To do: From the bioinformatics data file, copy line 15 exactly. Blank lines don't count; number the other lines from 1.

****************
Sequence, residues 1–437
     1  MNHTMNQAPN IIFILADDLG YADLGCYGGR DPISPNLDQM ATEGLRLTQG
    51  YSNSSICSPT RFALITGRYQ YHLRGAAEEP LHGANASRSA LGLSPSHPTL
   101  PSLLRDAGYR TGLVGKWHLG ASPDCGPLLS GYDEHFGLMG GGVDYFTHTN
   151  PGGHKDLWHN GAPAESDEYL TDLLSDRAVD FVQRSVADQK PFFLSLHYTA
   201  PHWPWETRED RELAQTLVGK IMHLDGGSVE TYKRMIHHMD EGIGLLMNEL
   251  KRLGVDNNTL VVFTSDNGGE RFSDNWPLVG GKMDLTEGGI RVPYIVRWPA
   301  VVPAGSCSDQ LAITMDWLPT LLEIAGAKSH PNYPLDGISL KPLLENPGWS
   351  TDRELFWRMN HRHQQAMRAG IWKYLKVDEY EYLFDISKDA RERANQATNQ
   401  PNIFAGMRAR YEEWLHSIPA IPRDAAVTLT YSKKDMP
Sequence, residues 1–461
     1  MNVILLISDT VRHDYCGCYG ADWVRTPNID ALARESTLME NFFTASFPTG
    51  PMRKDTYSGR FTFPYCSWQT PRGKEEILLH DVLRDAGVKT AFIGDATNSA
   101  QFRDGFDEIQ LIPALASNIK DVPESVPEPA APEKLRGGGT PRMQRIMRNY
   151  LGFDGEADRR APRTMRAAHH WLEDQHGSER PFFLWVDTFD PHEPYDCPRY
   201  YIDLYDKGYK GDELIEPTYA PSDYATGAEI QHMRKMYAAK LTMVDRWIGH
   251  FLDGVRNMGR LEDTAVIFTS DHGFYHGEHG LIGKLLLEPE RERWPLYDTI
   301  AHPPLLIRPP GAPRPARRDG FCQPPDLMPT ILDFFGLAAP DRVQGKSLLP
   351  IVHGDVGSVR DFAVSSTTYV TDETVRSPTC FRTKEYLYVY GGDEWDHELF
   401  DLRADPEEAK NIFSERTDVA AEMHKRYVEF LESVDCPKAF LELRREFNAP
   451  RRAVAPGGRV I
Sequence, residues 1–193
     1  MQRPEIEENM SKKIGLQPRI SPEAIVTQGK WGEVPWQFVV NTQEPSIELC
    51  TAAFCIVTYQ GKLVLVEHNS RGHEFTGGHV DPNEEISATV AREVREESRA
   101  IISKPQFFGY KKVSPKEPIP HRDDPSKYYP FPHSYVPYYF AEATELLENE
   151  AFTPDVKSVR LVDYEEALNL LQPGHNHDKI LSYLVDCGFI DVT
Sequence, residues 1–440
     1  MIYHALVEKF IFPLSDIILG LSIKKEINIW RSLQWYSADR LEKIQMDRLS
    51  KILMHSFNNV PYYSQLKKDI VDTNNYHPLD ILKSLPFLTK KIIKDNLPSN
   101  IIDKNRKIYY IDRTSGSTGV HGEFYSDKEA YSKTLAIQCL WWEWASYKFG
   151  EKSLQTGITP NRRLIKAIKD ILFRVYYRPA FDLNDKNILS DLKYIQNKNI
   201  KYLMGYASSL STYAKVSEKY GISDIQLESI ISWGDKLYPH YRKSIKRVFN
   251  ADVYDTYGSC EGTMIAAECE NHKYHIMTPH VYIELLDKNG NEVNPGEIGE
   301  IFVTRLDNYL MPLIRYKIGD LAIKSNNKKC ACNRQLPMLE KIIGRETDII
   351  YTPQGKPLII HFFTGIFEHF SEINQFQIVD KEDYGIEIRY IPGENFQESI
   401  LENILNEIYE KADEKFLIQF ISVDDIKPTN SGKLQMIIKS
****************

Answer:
   151  LGFDGEADRR APRTMRAAHH WLEDQHGSER PFFLWVDTFD PHEPYDCPRY